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Showing posts from April 30, 2023

The Austin, TX and Central Texas Realtor/Broker Property Tours List. 5.5.2023


Per Michael Corcoran, Longtime AAStatesmen Music Writer; History of the Continental Club 1955 - Present on SoCo

  History of the Continental Club 1955-Present All is right in Austin when Steve Wertheimer's club is pumpin' MICHAELCORCORAN MAY 4   SHARE   This is the latest in our series of 10 Austin music venues open at least 30 years. In the 1930s it was home to Spears BBQ Kitchen, then became a washers-only Half Hour Laundry in 1947. The Continental Club opened there in 1955 as a swanky private club featuring lounge acts with Vegas dreams. It was later a topless bar and day drinkers dive. But the 1315 address of South Congress wouldn’t be a magic number until the ‘80s when it became a black box clubhouse for a new generation of local alternative guitar groups like True Believers, Zeitgeist, Wild Seeds, Doctors’ Mob, Dharma Bums, T.I. and Glass Eye, as well as van-touring bands like the Minutemen, Replacements, Sonic Youth, 10,000 Maniacs and so on. This new Austin scene was born in ‘83 in a manger upstairs from a mechanic’s garage on Justin Lane called Sparky's. Open only a few mont

Per Joel Richardson Lender, Rent Vs. Own Analysis.

  Hey ASM Crew-   This little analysis may help your renters get off the rent fence. You can either click the link below or hit the QR code—same presentation.   The comparison:   renting at $2500/mo + renters insurance + misc fees (pets, parking space, etc). It also assumes a 3% savings rate for their money   Versus   buying a $400K home with 3 options: 5% down conventional, 10% down conventional and FHA (3.5% down). It also assumes a property appreciation rate of 4% and the income tax bracket (for tax savings).   Results: At the end of the day, with the tax write offs, owning is > $300/mo cheaper than renting. Look at the tax benefits over 5yrs. Around $55K in write offs! Remember, renters pay 100% interest (or $516K on this) vs $320K to $340K in interest and MI over that period. WOW!   Link:       I’d love to come to a staff meeting to run through this with you!   Joel     Thank you for your business and referrals which help make our business thrive:  Top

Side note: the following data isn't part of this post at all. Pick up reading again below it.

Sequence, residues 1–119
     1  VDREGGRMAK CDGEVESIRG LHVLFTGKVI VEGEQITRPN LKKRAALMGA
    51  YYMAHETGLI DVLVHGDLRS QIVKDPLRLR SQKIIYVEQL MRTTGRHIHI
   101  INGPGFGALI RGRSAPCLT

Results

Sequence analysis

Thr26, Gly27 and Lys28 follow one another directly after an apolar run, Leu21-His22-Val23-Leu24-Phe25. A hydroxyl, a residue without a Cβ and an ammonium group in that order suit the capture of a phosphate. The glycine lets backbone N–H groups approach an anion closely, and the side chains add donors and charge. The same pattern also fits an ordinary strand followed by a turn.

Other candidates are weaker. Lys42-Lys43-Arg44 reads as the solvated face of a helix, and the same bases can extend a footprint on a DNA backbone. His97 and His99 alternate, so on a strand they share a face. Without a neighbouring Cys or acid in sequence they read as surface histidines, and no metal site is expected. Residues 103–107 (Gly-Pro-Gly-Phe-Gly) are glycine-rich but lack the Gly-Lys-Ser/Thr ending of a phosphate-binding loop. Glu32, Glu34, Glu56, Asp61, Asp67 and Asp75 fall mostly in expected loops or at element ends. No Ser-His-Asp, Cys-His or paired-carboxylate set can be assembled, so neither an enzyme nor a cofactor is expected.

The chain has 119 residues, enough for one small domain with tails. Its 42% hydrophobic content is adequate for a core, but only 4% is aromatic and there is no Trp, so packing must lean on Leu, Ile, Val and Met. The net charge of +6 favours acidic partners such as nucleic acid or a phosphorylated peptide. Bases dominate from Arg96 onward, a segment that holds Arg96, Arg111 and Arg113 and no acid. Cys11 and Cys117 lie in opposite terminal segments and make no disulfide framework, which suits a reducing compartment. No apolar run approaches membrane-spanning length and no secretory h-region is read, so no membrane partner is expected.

Per Heritage Title; Austin Area Sales Market Stats by geographic zip code? Which is most expensive? Lease costly?


ABOR presents; Driving It Home, CEO Emily Chenevert speaks with Dr. Clare Losey Housing Economist

A Letter to the Public; The Watson Wire from the desk of City of Austin Mayor Kirk Watson May 1st, 2023

  In my first Watson Wire as mayor, I shared some of the  Ground Rules  that I’ve developed over the years to help guide me through difficult policymaking decisions.   One of those principles – have a long-term vision with short-term focus – stemmed from surviving cancer oh so many years ago. When you’re supposed to be dead, well, that helps to put the fleeting nature of time in some perspective. I’ve tried to focus on achieving results right now, but in a way that benefits the long term.   Striking a balance between the now and the future is often the greatest challenge of policymaking. That challenge has been on my mind a lot lately as we’ve been navigating through all the big, thorny, controversial, high-stakes issues that we’ve inherited.   The legislation aimed at killing Austin Light Rail is a good example. Some in the Legislature are coming after us because we used a new funding mechanism – in full compliance with state law – to go big on light rail. And they do love to hate Aus

Per KXAN News; AUSTIN What’s the origin behind the ‘Keep Austin Weird’ slogan?

  AUSTIN What’s the origin behind the ‘Keep Austin Weird’ slogan? by: Kelsey Thompson Posted: May 1, 2023 / 06:45 AM CDT Updated: Apr 29, 2023 / 05:02 PM CDT AUSTIN (KXAN) — You’ve seen it on bumper car stickers and t-shirts, and maybe even mentioned out loud. But how did the slogan “Keep Austin Weird” come to be? The phrase dates back to Red Wassenich, an Austin Community College librarian who mentioned the phrase back in 2000 while calling in a donation to KOOP Radio, per  Austin History Center archives.  The weekly “The Lounge Show” would play “offbeat music,” the inspiration behind Wassenich’s contributions, according to a  2002 New York Times interview. “Whoever answered the phone said, ‘Why did you support the show?'” Wassenich said during his NYT interview. “I said, ‘I don’t know. It helps keep Austin weird.'” What emerged since was a cultural adoption of the phrase by fellow Austin residents and businesses. Wassenich began printing the slogan onto bumper stickers, while